Tag Archives: Mexican


Notes and Queries: Dishwasher (Human), Anglo-Saxon Spelt, Shave Ice, Plantain Recipes, Cricket Flour, and San Pascual.


Local, dishwasher, anger, containers, hands and more essays by Peter Hertzmann.  Fresh ideas, tight writing, three cheers and more. Enjoy the rest of his site too.

When the Romans left Britain, did the Anglo-Saxons reject spelt wheat in favor of bread wheat, beer in favor of bread?  Or was it archeologists’ methods and assumptions that created this impression?

“If I look at [shave ice]  through one side of the prism, I see the tourist economy and militarization of Hawaii,” [says Hi’i Hobart] “But if I look at another side, I’m a kid in Hawaii walking from the beach to get my shave ice, which is this beautiful delicious thing.” Kim Severson gets a crash course in the complexities of shave ice. And congratulations to Dr. Hobart, who’s pulled of the NYTimes and a special issue of Food Culture and Society on Hawaii as well as a Ph.D. this summer.

Plantains still haven’t really made it to the American table even though they are one of the world’s most important food crops. Erica Dinho of My Colombian Recipes has twenty recipes for plantains from snacks (chips) and soup, through main dishes (wrapped, stuffed, baked, in casserole), as vegetable, as arepas, and as a dessert with syrup, with guava and cheese, or in a cake. Tempted?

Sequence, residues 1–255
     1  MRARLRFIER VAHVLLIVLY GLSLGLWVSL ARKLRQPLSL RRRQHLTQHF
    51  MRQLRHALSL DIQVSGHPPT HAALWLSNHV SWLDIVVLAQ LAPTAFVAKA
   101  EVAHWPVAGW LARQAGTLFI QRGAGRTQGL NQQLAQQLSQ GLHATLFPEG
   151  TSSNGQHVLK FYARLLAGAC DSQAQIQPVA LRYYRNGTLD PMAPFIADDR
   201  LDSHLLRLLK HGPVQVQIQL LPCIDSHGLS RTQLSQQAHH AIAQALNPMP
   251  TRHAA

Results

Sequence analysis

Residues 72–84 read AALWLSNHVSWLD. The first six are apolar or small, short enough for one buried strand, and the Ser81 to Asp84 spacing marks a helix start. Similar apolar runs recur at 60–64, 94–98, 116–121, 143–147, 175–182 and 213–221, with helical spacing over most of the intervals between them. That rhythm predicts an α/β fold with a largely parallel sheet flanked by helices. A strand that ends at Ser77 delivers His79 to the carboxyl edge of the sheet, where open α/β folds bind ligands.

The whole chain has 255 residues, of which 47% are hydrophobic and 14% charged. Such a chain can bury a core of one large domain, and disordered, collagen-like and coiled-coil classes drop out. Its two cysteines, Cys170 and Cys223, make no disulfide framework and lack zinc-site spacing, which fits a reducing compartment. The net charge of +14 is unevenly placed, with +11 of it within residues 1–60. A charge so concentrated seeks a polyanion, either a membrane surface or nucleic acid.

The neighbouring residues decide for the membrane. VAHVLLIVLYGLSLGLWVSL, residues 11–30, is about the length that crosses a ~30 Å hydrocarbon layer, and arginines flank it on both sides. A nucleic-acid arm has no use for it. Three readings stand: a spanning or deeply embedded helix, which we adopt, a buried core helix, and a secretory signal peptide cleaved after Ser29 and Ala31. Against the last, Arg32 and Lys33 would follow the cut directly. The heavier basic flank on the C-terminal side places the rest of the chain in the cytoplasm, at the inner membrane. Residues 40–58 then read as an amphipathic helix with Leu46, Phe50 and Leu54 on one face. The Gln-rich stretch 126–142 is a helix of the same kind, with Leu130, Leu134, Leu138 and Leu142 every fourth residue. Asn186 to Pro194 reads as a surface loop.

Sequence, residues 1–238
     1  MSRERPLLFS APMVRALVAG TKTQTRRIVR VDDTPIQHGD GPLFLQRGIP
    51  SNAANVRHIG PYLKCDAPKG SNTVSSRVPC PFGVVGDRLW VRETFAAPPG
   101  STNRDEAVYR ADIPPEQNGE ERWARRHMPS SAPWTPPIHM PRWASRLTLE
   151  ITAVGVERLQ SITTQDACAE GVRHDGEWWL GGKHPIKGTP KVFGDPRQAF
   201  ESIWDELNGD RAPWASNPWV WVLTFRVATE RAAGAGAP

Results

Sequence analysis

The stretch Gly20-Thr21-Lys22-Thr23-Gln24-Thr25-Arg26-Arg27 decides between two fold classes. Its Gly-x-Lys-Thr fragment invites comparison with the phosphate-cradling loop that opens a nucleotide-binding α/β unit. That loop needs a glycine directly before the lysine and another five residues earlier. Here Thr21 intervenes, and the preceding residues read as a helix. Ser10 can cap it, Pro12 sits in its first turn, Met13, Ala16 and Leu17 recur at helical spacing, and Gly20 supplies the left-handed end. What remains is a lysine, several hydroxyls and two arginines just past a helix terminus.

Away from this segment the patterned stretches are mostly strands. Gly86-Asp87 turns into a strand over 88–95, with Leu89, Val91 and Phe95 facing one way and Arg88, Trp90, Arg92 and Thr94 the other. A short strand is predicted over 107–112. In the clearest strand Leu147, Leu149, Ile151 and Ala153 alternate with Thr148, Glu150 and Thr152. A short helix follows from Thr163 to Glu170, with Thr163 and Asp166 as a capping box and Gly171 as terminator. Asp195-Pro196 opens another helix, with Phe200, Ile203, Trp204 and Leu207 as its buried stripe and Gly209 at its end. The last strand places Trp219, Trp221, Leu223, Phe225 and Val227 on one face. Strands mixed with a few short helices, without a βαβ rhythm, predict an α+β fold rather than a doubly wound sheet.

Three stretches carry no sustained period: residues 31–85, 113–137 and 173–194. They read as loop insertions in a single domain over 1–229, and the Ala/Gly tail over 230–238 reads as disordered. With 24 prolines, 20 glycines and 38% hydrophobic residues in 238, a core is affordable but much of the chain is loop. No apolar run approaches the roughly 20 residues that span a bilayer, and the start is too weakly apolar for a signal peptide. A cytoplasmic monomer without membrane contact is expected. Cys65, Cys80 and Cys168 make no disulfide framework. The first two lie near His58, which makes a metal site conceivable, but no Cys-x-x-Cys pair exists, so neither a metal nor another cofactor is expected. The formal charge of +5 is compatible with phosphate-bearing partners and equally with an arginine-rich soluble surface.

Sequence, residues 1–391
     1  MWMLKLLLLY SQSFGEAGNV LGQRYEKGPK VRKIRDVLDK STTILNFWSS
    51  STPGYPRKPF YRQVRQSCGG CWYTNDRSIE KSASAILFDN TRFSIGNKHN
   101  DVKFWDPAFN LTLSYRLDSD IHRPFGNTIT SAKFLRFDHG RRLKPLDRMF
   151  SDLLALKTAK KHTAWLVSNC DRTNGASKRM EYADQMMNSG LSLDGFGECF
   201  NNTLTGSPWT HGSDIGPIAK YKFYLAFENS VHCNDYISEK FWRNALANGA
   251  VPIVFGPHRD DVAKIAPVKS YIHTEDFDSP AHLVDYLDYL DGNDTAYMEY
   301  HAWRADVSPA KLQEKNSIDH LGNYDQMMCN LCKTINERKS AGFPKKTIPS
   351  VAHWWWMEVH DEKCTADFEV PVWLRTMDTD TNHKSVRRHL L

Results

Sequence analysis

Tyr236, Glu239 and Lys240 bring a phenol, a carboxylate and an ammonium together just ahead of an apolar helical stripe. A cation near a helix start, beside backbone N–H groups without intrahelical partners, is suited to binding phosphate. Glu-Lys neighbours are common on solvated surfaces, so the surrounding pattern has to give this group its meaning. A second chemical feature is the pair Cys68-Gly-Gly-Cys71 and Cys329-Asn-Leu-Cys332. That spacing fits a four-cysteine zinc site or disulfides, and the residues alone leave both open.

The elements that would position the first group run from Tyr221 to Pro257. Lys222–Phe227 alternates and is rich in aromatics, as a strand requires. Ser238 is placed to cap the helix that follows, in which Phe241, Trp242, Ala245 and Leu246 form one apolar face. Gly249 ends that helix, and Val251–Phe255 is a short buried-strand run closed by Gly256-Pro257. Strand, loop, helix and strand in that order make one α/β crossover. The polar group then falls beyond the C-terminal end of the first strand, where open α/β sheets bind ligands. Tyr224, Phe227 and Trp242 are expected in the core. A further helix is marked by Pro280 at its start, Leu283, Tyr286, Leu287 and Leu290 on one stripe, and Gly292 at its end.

And while we are on foods coming to the American table, the retail price of cricket flour (as in insect) averages $40 a pound.  So unless cricket farming takes off in a big way, cricket crackers look like remaining a luxury. (Lots of good links to insects as food here by the way).


Anonymous 20th-century ex-voto, oil on metal. Natalia Cabarga.


“My husband retired and to occupy himself he started cooking and he cooked dreadfully and gave us all stomach upsets. I was frightened he would poison us. At last he got bored of cooking and took up gardening, thanks to blessed San Pascual. ” From a twentieth century ex-voto (offering, in this case a painting, in fulfillment of a vow) to San Pascual Bailón (spelling varies), the patron saint of the kitchen.  The story of San San Pascual Baylón from colonial times to modern ex-votos by art historian Natalia Cabarga.  Even if you can’t read Spanish, enjoy the images.


Molli Chamoy Sauce

Molli Chamoy Sauce: Go Figure


Molli Chamoy Sauce

Sometimes in a recipe, or a menu, or a store, I run across something that makes me chuckle with glee because it is so telling.

That happened last week when I was shopping in Central Market, one of the upscale groceries of the Texas-based chain, HEB.

There sitting on the top shelf in front of me was a small jar of chamoy sauce produced by a company called Molli, though as you can see the label has two little dots over the ‘o’.

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Dining with the Dead

Every year I enjoy the Day of the Dead but can’t help feeling slightly tetchy about some of the widely-held assumptions about it.

The day after the Day of the Dead in Santa Ana in the foothills of the Sierra de Guanajuato, Mexico

The people gone, the food finished, just the flowers remain the day after the Day of the Dead in Santa Ana in the foothills of the Sierra de Guanajuato, Mexico

I have very happy memories of families going to the graveyard with their flowers and their food in rural towns in Mexico.

The custom, however, is not universally Mexican.  There are many groups at different social levels who do not celebrate the Day of the Dead, though more do every year.